Sen. Bob Corker (R-Tenn.) mused that he'll run for president "maybe someday."

Corker told The Tennessean that he almost decided last August against seeking another term in 2012, citing his frustration with the Senate and its frequently glacial pace.


"I am very frustrated and I am an executive and I know that I’m an executive in a legislative body," Corker told the paper.

"This August, I came that close to not running for the Senate," he added, calling it a "tough, tough call" to seek a second term.

Corker came to the Senate in 2006 as the lone Republican freshman that year, following the party's massive losses in those midterm contests. Corker beat Rep. Harold Ford, Jr. (D) in a hard-fought campaign, and has since distinguished himself on a number of financial issues.

Corker particularly took leading roles in negotiating the auto bailouts for GM and Chrysler and on Wall Street reform, though the ruling Democrats neither time adopted his final position.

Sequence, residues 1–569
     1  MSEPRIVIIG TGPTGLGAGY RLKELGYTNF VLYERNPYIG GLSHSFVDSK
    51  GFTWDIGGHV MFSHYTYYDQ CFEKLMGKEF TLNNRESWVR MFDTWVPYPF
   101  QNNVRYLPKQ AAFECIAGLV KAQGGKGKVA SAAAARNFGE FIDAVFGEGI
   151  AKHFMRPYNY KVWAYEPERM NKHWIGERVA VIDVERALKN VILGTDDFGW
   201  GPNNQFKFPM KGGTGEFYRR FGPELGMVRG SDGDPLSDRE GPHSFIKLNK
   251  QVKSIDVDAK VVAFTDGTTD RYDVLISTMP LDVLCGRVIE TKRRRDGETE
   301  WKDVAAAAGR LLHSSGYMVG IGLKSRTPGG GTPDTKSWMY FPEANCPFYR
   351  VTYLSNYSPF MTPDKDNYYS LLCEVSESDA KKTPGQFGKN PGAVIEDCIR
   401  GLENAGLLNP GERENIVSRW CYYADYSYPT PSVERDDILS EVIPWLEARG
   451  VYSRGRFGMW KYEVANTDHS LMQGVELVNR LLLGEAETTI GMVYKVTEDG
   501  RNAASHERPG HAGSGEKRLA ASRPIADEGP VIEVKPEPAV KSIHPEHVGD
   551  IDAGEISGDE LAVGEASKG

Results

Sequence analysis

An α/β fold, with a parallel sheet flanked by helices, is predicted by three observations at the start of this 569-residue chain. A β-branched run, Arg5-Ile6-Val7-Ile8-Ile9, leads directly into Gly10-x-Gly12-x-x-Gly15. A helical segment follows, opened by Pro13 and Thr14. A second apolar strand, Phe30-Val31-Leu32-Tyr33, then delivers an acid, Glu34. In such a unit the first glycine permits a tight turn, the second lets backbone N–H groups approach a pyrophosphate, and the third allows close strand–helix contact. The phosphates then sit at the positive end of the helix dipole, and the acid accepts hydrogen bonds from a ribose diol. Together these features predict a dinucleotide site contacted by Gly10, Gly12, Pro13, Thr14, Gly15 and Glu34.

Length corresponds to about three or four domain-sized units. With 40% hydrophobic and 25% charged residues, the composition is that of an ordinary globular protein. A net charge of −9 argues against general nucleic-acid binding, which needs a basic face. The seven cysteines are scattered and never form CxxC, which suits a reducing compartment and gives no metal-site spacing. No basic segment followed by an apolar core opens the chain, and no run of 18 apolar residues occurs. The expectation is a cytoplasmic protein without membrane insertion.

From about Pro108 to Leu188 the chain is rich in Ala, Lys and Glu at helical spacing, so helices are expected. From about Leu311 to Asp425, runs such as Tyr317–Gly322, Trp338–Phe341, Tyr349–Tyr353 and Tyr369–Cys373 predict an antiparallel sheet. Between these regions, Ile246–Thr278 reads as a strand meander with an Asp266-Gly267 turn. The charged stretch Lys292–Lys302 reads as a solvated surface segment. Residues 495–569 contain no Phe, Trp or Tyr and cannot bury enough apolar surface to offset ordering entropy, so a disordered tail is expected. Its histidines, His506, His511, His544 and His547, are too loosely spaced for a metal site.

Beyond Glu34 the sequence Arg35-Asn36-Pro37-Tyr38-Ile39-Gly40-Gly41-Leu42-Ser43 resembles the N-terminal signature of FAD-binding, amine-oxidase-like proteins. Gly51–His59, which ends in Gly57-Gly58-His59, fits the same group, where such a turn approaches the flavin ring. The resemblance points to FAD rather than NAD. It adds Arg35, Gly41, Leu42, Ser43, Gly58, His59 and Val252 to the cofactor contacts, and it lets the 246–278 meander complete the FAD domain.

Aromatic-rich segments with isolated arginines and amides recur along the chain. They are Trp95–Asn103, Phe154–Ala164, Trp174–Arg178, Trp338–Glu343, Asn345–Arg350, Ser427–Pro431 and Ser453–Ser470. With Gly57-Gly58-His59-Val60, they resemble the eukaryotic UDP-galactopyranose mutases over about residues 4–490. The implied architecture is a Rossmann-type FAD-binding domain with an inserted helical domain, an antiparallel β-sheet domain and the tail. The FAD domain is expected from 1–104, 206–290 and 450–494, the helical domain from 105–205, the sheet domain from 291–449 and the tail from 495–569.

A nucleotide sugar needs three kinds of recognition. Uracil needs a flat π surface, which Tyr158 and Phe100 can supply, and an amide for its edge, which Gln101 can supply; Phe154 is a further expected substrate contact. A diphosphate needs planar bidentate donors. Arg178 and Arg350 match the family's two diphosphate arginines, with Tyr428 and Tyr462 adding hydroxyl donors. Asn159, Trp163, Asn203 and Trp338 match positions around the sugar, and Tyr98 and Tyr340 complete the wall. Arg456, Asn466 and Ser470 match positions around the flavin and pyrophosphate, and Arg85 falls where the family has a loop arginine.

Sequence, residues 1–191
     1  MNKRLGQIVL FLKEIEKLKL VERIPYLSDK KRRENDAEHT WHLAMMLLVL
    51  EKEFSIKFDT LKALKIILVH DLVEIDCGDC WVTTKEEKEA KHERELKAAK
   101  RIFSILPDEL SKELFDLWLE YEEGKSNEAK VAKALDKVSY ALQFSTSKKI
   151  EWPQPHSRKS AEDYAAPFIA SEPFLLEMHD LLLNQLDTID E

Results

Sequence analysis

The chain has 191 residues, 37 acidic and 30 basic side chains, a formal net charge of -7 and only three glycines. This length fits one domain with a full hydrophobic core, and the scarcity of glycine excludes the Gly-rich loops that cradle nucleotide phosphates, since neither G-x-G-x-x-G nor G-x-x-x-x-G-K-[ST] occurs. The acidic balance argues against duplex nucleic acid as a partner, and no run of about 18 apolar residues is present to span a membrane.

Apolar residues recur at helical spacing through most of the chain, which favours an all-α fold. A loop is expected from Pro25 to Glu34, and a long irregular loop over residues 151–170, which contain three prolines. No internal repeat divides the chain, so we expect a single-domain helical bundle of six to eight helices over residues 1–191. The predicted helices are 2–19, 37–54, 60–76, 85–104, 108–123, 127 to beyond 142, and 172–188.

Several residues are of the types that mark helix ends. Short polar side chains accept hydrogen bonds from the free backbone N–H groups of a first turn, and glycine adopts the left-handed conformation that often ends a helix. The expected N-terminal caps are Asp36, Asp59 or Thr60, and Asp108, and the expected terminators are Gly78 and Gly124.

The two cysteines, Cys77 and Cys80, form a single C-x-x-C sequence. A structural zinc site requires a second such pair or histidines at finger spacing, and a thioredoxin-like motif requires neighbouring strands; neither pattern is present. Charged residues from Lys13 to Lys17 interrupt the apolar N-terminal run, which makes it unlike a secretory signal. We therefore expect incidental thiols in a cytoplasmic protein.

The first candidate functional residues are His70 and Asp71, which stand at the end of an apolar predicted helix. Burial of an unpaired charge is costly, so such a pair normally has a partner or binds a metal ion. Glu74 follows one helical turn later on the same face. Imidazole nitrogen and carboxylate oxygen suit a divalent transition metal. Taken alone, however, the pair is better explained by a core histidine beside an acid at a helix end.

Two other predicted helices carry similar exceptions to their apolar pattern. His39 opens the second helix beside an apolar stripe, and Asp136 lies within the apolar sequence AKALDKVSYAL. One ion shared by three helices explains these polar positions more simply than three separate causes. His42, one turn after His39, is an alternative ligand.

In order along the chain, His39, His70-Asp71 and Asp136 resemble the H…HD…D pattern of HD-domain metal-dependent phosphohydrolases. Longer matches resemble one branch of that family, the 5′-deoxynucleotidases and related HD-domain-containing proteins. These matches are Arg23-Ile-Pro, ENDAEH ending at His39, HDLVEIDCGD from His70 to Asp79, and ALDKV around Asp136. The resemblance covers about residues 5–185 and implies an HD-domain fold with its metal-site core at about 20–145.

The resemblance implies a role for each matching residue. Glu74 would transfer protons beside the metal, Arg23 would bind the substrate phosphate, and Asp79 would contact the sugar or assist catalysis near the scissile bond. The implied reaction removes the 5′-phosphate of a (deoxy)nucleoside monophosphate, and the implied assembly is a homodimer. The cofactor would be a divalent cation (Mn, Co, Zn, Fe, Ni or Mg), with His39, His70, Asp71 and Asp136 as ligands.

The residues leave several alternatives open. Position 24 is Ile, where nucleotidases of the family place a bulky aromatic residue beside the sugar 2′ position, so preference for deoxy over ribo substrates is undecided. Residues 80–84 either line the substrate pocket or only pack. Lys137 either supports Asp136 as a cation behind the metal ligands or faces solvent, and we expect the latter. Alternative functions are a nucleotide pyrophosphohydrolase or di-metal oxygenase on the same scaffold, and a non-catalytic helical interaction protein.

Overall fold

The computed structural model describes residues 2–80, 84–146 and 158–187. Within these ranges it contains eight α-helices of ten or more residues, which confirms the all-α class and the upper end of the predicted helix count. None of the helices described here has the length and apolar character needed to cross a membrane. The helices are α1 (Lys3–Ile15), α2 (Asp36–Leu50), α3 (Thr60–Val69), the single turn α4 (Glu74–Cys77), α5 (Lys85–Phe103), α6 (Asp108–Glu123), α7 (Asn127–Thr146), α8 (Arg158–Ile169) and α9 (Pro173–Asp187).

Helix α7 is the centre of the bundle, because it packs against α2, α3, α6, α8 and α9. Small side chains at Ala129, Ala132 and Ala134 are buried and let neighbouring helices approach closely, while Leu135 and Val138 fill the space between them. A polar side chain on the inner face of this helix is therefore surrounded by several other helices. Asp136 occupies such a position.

The junior Tennessee senator said that his more executive style could lead him to running for president in 2016, though he said it wasn't really something that registered for him.

“Maybe someday,” Corker said. “But it’s just not on my plate.”

Corker said he thought he had the vision and leadership ability that would make him a capable president, but not much of the "rhetorical flair" usually demanded of candidates.

"I probably have some assets and some deficiencies but right now my horizon is the next 60 days and trying to get this debt thing done," he explained.